complicated concepts

Why VCs need a great tax accountant

Welcome to the third edition of "Back Office Ops for VCs"... a journey that has taken us through the wild world of fund admin and fund audits.

Today we dive into the next back-office vendor that can make or break a fund: tax accountant.

We'll cover:

- 3 examples of complicated and common tax situations for VCs

- what to look for in your tax accountant

-  how to find a great tax accountant 

And if you're too busy to read the whole thing, scroll for the TL;DR.


First, a disclaimer

Look. I know this stuff can be tedious. But stay with me, cuz there are lots of learnings in here.


Why you need a good tax person

Taxes for VC funds can be super complicated. Because there is so much money moving in and out of the fund, you need someone who can look at these complicated situations, dumb things down for you, give you a bunch of options, and help you make a decision on how to proceed.

Here are three examples of complicated tax stuff that you'll probably run into if you launch a fund:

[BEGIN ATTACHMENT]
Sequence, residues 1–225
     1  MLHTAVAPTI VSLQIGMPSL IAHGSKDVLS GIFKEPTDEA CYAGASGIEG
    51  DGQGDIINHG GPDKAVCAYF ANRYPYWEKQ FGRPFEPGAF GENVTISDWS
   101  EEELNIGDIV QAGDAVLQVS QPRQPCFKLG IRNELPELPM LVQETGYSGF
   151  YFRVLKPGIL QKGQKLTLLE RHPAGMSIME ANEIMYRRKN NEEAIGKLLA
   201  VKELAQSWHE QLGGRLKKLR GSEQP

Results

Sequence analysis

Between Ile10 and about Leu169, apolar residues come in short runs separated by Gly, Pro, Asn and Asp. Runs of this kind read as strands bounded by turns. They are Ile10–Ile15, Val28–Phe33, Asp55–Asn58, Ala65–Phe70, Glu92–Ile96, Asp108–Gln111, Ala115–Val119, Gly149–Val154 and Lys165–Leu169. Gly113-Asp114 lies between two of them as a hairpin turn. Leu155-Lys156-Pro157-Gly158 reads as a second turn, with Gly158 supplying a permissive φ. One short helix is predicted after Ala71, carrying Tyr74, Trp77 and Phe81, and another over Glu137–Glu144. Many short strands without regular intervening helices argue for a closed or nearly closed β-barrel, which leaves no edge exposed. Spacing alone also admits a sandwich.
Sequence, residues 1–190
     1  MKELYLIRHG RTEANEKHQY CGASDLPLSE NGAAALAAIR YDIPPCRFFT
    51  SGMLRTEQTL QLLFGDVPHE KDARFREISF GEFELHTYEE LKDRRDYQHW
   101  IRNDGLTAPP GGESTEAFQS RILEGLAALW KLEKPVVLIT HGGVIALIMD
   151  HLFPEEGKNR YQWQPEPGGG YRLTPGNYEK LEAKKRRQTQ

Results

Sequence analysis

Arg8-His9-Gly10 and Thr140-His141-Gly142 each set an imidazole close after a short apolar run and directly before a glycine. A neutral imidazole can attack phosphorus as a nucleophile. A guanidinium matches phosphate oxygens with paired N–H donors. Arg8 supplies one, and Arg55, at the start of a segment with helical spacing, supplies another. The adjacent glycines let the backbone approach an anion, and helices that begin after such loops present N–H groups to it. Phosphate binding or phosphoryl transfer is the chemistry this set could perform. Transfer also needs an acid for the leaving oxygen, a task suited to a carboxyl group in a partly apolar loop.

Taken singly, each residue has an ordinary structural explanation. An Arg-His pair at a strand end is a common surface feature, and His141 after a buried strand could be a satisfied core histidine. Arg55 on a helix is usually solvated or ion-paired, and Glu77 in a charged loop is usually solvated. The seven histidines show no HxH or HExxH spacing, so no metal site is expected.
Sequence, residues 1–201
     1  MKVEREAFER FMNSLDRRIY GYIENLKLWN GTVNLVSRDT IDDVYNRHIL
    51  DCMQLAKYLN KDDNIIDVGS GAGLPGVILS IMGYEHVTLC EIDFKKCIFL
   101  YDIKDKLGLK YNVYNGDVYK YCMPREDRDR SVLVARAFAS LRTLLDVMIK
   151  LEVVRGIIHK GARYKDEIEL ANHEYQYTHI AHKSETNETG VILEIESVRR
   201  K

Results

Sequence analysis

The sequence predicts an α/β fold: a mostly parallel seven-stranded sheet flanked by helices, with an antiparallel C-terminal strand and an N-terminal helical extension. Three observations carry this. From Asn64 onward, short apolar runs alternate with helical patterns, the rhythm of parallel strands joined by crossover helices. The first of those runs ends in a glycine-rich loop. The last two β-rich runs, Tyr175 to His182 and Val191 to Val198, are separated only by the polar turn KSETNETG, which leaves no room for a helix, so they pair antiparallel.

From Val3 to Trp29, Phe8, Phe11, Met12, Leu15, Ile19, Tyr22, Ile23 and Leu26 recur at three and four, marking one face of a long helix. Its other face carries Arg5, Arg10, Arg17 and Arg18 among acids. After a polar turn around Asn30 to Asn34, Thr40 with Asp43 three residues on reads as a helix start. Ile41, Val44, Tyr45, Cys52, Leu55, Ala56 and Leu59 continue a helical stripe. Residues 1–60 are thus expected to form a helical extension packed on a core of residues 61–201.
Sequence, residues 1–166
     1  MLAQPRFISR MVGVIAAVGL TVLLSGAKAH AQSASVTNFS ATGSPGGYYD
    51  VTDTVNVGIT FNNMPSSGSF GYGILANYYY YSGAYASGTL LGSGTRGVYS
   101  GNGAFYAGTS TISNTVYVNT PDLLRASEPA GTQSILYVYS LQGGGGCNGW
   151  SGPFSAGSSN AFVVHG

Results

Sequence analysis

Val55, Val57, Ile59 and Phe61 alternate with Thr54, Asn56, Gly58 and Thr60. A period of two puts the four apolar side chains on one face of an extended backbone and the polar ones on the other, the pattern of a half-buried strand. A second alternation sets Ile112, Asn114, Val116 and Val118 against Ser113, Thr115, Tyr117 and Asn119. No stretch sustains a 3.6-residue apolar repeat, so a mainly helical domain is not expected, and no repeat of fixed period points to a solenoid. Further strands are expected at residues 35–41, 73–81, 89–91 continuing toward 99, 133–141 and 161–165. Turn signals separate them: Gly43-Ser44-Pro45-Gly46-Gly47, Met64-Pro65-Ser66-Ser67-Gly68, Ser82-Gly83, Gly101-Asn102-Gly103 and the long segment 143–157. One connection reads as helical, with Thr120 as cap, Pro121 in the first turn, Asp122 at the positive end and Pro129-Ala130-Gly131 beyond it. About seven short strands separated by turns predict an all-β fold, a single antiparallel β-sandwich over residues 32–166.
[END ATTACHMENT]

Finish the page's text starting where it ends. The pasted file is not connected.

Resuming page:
Example 1: You recycle returns back into the fund

This is pretty common, especially in the earliest years of a fund's lifespan.

Let's say you invest into a portfolio company that has a small exit. Your return is $50k. That amount is spread out across all your LPs, so each LP will only receive about $1k.  It's such a small amount to return to your investors, so you may decide instead to put the money back into the fund. You could invest into a new startup or write a follow-on check into an existing company.

This is totally acceptable. However. You are still obligated to report this return to your LPs, and your LPs will have to pay taxes on the return... even if they don't see a dime in their bank accounts.

This is where a tax accountant comes in. It's her job to help you weigh your options and pick a path that feels right.

Should you return the entire amount to your LPs? Should you return no money to your LPs? Should you return just enough to cover your LPs' taxes on that return? If you go that route, how to calculate the amount for each person?